Mexican police find run-away girls with alleged kidnapper

Two teenage girls who had run away with an alleged kidnapper were returned home when authorities found them in a Mexican border town.

Mexican police found the two girls, ages 13 and 14, while conducting a door-to-door search Monday in Piedras Negras, across the border from Eagle Pass.

The girls, who had been missing for 10 days, were found with 22-year-old Steven Alan Stuber, of Austin, who was being held in the Comal County Jail on two kidnapping charges, authorities said. No bond had been set as of late Monday.

"It's like 1,000 pounds has been taken off my shoulders," said the grandmother of one of the girls. "I'll sleep tonight for the first time in 10 days. I tried to stay positive, but the longer it went on, the harder it was to hope for a happy ending."

Authorities said Stuber could face more charges.

The girls appeared to be unharmed, but Comal County Sheriff's Detective Tommy Ward said the girls would be interviewed and taken to a hospital for sexual assault exams.

The two girls ran away Oct. 7 from their homes in Spring Branch, about 30 miles (50 kilometers) north San Antonio, authorities said. They allegedly went with Stuber.

Sheriff Bob Holder said Stuber has been charged with kidnapping because the girls were taken to Mexico without their parents' permission. Investigators didn't know details of the girls' relationship with Stuber and whether they ever decided they wanted to go home.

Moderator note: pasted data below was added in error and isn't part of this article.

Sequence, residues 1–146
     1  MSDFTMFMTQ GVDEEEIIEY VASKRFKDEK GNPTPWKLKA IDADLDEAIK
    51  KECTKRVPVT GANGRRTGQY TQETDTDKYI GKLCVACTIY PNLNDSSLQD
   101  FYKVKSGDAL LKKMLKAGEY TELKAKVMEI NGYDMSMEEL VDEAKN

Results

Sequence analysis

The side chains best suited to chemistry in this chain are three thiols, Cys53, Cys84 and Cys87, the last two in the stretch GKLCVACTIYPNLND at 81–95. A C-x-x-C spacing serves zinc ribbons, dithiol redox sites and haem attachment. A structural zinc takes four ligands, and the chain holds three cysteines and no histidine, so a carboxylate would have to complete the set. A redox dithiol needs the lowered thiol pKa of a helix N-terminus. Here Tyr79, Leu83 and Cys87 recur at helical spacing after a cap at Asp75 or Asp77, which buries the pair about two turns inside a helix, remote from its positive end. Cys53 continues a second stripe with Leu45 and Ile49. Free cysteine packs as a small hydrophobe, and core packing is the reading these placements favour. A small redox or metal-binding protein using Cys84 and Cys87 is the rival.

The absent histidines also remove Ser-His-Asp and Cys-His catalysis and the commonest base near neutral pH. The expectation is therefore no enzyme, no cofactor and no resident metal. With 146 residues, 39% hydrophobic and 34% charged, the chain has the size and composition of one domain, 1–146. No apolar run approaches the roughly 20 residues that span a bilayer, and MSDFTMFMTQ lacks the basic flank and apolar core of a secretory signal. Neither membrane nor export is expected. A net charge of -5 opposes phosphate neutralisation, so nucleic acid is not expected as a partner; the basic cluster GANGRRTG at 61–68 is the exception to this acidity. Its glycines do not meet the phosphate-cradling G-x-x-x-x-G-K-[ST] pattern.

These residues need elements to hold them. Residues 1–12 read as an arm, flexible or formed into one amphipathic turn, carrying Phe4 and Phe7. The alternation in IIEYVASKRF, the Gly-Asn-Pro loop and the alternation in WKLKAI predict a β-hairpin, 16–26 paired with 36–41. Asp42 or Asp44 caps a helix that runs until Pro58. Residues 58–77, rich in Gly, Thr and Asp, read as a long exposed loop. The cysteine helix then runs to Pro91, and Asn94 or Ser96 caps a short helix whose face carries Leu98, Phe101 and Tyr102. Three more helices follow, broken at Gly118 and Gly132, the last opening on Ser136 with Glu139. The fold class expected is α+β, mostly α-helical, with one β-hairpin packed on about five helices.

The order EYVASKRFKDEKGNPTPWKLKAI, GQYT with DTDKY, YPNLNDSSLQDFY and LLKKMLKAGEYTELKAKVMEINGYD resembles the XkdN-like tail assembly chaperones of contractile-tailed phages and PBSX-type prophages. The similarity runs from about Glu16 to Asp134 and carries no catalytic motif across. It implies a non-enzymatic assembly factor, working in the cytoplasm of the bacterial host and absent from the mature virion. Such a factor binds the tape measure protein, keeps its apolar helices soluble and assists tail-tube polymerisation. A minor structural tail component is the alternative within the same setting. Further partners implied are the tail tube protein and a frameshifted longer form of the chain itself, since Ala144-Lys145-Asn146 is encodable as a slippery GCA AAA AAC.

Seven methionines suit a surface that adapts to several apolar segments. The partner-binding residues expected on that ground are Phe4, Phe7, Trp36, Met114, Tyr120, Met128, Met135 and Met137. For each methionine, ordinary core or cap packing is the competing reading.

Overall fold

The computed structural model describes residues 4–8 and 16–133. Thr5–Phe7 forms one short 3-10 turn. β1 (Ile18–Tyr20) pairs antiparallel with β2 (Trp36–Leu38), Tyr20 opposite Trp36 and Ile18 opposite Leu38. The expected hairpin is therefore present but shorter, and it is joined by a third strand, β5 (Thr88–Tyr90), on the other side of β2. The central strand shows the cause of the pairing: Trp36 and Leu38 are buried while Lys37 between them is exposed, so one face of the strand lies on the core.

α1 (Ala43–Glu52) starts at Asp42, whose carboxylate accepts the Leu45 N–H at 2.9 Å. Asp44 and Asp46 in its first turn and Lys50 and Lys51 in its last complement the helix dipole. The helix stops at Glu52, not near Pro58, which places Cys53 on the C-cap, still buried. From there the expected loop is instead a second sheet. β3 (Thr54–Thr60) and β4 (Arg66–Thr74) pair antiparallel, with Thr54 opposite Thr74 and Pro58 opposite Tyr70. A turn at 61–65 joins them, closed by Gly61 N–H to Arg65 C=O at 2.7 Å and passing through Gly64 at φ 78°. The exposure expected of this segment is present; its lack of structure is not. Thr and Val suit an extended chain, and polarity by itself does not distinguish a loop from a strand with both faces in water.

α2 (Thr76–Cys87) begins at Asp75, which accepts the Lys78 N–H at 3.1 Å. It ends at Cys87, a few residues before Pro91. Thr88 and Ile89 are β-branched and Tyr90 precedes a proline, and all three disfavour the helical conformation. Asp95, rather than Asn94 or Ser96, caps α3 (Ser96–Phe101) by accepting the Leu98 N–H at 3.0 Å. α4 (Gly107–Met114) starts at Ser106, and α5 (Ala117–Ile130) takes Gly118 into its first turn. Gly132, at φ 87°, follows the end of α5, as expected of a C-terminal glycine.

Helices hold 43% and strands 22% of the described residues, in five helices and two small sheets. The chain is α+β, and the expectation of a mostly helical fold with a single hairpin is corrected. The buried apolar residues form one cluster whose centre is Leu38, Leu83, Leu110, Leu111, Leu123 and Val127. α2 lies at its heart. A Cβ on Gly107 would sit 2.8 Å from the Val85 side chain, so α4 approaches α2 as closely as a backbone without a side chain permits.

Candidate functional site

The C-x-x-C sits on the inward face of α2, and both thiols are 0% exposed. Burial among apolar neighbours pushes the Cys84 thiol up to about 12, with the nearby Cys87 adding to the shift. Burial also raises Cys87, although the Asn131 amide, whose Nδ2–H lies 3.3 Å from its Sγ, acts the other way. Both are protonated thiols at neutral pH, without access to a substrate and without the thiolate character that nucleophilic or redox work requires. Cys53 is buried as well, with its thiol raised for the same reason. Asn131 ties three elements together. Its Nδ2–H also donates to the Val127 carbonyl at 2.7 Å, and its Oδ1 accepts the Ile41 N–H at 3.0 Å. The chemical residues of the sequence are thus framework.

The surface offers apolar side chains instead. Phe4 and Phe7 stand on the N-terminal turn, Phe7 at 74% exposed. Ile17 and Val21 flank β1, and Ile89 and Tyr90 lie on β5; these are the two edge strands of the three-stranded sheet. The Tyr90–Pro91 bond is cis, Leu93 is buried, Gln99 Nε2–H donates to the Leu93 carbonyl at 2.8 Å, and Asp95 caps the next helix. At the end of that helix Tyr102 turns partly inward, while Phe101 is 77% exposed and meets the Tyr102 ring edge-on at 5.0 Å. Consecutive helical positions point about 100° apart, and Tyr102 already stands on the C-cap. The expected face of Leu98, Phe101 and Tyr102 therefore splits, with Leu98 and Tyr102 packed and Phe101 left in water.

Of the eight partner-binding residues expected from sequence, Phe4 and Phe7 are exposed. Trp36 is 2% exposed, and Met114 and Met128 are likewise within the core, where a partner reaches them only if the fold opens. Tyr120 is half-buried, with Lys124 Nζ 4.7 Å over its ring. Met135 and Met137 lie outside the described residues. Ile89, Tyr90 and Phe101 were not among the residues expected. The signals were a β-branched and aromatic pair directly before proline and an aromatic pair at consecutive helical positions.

"We're trying to put the pieces of the puzzle back together," Holder said. "We don't have all the information right now, but we'll have it very soon."

County authorities learned Stuber was in Mexico based on information they received from someone Stuber had contacted by phone. Authorities then contacted the Mexican police, reports AP.

Ward said Stuber and the girls were staying at the home of a Mexican national Stuber met in prison while serving time on theft charge.

"The girls said the house was nasty and they had to bathe in the river," Ward said. "One of them said on the ride back to New Braunfels that it was the biggest life lesson they ever learned. They were scared and glad to be back in the United States. They are very lucky."